With modern production and design schedules, the geekerati already know what Apple is preparing for the iPhone XS launch. We also know what Samsung is cooking up for the Galaxy S10’s launch in early 2019. It’s clear that the Galaxy S10 has the specifications to beat the iPhone.
For me there are three key areas where the Galaxy S10 can not only compete against the iPhone, but comfortably come out on top.
The first is, curiously, reliability. Although Samsung has had one rather high-profile smartphone failure in recent memory (the tightly packed battery of the Note 7), it took visible action both immediately, during the investigations, and when reporting the fixes to the hardware. Compare that to Apple’s own battery problems, the reluctance to admit to the problem, and the painful way Tim Cook and his team was dragged towards an acceptable outcome for consumers.
Now consider that the portfolios of the iPhone 6, the iPhone 7, and the iPhone 8 have all exhibited major flaws stemming from the hardware design of the smartphones. While past performance is no guide to future stability, consumers are more adept at recognising patterns. The reliability of the Galaxy range in the mainstream media is streets ahead of the iPhone.
Second is the flexibility. While most users will take their smartphone out of the box and never think again about the specifications, those looking for the biggest and best are going to see the Galaxy S10 outpacing the iPhone XS. More on board storage, more memory, more processing power on tap, it’s all on Samsung’s side.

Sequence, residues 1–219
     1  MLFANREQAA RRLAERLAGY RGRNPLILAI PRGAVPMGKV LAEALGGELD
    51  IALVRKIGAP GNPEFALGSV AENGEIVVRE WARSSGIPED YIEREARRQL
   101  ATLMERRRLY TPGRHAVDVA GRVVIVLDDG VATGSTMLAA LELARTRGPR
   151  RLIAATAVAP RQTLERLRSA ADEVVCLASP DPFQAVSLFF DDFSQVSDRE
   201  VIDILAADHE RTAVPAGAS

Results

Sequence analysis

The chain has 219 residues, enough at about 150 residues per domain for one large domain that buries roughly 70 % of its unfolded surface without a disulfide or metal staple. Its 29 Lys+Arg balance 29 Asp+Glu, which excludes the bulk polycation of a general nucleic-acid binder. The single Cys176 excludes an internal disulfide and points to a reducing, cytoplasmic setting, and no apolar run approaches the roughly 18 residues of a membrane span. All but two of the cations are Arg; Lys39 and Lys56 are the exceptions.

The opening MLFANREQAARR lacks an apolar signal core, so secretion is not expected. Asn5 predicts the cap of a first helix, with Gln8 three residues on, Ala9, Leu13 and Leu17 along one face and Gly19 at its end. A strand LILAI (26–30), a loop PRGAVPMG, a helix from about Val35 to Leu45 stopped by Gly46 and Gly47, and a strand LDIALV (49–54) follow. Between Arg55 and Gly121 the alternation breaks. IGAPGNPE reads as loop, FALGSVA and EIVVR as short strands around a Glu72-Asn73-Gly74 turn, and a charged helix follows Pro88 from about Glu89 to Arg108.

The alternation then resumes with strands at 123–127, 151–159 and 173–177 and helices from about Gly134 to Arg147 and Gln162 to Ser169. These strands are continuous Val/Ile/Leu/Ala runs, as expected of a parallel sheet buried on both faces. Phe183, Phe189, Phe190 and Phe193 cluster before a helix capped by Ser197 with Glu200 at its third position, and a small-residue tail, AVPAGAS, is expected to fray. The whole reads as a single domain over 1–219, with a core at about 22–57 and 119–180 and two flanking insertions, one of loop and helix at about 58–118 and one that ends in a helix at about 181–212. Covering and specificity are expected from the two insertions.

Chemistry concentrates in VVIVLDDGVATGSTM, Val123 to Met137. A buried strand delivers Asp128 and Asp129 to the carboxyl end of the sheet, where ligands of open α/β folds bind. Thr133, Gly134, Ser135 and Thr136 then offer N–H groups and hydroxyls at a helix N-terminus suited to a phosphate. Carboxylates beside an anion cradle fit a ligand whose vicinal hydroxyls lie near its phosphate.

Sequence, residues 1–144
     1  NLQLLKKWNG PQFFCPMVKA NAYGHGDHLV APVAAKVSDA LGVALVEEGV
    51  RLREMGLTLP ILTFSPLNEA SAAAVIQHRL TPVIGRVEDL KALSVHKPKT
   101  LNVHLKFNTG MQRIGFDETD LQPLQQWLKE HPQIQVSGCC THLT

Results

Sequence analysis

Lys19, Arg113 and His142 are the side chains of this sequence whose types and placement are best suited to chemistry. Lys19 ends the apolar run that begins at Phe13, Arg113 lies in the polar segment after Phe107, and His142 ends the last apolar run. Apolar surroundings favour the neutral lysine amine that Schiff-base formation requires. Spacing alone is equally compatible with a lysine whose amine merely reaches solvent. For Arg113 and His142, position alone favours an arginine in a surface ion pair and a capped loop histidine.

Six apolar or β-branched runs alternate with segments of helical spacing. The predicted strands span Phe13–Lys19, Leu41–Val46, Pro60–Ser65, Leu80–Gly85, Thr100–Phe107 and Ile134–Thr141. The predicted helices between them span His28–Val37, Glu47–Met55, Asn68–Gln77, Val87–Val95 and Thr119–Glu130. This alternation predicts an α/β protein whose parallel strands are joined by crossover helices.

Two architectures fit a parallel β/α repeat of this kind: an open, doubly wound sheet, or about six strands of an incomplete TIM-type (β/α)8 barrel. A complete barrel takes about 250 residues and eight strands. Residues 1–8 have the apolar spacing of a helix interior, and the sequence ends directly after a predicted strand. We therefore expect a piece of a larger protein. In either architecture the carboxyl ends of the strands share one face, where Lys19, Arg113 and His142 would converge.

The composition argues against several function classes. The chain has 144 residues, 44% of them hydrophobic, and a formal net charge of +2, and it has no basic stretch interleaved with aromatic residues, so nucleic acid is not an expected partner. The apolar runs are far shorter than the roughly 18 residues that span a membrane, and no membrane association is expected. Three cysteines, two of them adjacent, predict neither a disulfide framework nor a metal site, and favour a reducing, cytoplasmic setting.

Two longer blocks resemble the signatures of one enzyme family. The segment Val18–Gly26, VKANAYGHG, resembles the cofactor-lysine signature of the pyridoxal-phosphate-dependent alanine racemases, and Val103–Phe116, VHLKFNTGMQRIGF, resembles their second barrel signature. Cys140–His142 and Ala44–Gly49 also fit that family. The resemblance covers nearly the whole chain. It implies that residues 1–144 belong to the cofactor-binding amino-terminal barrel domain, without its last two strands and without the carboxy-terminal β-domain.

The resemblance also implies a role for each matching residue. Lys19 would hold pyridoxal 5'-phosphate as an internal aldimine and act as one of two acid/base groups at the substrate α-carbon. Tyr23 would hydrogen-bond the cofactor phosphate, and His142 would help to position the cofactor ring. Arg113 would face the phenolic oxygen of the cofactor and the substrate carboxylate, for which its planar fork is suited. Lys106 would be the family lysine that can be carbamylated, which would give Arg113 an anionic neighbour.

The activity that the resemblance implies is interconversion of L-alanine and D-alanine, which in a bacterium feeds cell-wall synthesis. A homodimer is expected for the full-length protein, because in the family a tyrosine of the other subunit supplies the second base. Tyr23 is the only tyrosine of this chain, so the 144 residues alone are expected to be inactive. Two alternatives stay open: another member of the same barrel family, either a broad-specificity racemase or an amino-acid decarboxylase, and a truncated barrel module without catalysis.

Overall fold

And if Apple does move to 512 GB of storage on its smartphones, Samsung has the advantage of the second move – which will allow it to match the on board storage and then leverage the microSD card for even more capacity.
Finally, Samsung has managed to maintain its lead in the camera stakes over man-years over Apple. There’s going to be an obvious comparison with the number of lens each phone in the respective portfolios will sport, but I’m expecting the South Korean expertise in the post-capture image processing, alongside the variable aperture lenses, to hand the visual victory to the Galaxy.
Much like politics, each camp has the diehards that will never move – lifelong affiliations to iOS or Android run as deep as Republican or Democratic affiliation – so the real fight is over the platform switchers who can navigate between the walled gardens of the two ecosystems. This is where details like image quality, hardware specifications, and reliability can contribute.
It’s also where perceptions can sway opinions. With Apple looking to label the latest iPhone handsets as incremental ’S’ updates the attraction of the iPhone XS family is going to be dulled compared to the ‘all-new’ tenth-anniversary Galaxy S10 marketing juggernaut.
Both handsets will make their supporters swoon, but the Galaxy S10 has the advantage in gathering the undecided middle ground.